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| 5 ft 6 in (1.68 m)|
139 lb (63 kg)
|Born|| May 8 1985,|
|Pro Career||2005 – present|
|Competitor for Canada|
|Women's ice hockey|
|IIHF World Women Championships|
|Women's 4 Nations Cup|
Sarah Vaillancourt was the captain of Canada’s Under 22 team at the 2007 Air Canada Cup. In 2003, she was the captain of Team Québec at the Canada Winter Games that won the Silver Medal.  One of her teammates was future Olympian Catherine Ward. She graduated from high school as a tri-varsity captain and athlete from Pomfret School in Pomfret, Connecticut as a member of the class of 2004.
She was a star for the Harvard Crimson women's ice hockey program and won the Patty Kazmaier Award in 2008. Her freshman year was in 2004-05, and she finished fifth in the nation, and first among freshmen, in scoring with 2.31 points per game.
In 2005, she made the Canadian national women's hockey team, where she would go on to play at the 2005 Women's World Ice Hockey Championships in Sweden. In her first game ever, she led Canada with 6 points in an 13-0 win over the Kazakhstan women's national ice hockey team. This tied a record for most points in a game on the Canadian national team. She would finish the tournament with 8 points. On February 20, 2006, Vaillancourt, as the second youngest member of the team, won a team gold medal in Turin with the Canadian Women's Hockey team beating Sweden in the final game and outscoring their opponents 46 to 2.
In the championship game of the 2011 Clarkson Cup, Vaillancourt scored a goal in the third period. By winning the 2011 Clarkson Cup, Vaillancourt became an unofficial member of the Triple Gold Club (the accomplishment by women is not yet officially recognized by the IIHF), as she became one of only four women to win the Clarkson Cup, a gold medal in Winter Olympics, and a gold medal at the IIHF World Women's Championships. The other women include Caroline Ouellette, Jenny Potter and Kim St. Pierre.
|2005 Women's World Championships||5||3||5||8||2|
|2007 Women's World Championships||5||2||4||6||4|
|2008 Women's World Championships||5||4||2||6||8|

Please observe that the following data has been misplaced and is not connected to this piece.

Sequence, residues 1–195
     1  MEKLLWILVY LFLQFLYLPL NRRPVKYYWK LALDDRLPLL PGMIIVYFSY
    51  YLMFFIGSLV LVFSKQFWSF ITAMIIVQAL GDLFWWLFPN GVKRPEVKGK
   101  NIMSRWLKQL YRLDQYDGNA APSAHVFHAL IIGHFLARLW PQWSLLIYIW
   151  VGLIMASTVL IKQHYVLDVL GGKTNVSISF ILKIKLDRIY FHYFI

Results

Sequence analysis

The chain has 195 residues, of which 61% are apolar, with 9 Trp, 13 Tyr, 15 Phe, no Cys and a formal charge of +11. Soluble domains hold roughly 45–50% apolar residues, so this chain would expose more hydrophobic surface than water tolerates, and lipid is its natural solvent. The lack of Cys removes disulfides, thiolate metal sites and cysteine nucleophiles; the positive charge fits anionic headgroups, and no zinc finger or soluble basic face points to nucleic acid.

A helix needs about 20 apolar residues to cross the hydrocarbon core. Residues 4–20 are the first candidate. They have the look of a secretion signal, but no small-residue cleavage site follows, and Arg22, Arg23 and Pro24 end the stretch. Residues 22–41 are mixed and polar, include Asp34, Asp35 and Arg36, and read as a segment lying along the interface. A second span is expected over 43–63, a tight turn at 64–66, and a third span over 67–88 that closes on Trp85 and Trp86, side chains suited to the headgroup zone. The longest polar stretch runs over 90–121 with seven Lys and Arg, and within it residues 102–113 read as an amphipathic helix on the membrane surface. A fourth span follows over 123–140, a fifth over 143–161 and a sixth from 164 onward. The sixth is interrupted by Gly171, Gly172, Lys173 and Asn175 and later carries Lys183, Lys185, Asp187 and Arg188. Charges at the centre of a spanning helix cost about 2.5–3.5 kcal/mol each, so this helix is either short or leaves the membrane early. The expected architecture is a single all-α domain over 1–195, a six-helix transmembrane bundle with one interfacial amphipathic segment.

|2009 Women's World Championships||5||3||4||7||8|
Awards and honorsEdit
- Ivy League and Eastern Collegiate Athletics Conference [ECAC] Rookie of the Year for the 2004/2005 season
- Top 10 Finalist for 2007 Patty Kazmaier Award 
- First Team All-Ivy League, 2007-08, Harvard (Junior) , Unanimous selection
- Ivy League Player of the Year 2007-08, Harvard (Junior) , Unanimous selection
- 2009 First Team All-Ivy League
- Sarah Vaillancourt, 2009 First Team All-ECAC 
- 2009 ECAC Player of the Year 
- ↑ Canadian Gold 2010, Andrew Podnieks, p. 170, Fenn Publishing, Toronto, Canada, ISBN 978-1-55168-384-3
- ↑ http://sportsillustrated.cnn.com/2007/sioncampus/08/29/unheralded.athletes/1.html
- ↑ http://cwhl.stats.pointstreak.com/boxscore.html?gameid=1560528
- ↑ Collins gem Hockey Facts and Stats 2009-10, p.22, Andrew Podnieks, Harper Collins Publishers Ltd, Toronto, Canada, ISBN 978-1-55468-621-6
- ↑ http://web.archive.org/web/20100514012954/http://www.vancouver2010.com/olympic-hockey/athletes/sarah-vaillancourt_ath1012646jp.html
- ↑ http://www.wcha.com/sports/w-hockey/spec-rel/030507aac.html
- ↑ http://www.ivyleaguesports.com/article.asp?intID=6431
- ↑ All-Time All-Ivy: Ice Hockey. Ivy League Sports. Retrieved on 16 April 2010.
- ↑ Nicole Stock and Paige Pyett Named All-ECAC Hockey. Brown Athletics (March 3, 2009). Retrieved on 7 May 2010.
- ↑ Nicole Stock and Paige Pyett Named All-ECAC Hockey. Brown Athletics (March 3, 2009). Retrieved on 27 April 2010.
|This page uses content from Wikipedia. The original article was at Sarah Vaillancourt. The list of authors can be seen in the page history. As with Ice Hockey Wiki, the text of Wikipedia is available under the Creative Commons Attribution-Share Alike License 3.0 (Unported) (CC-BY-SA).|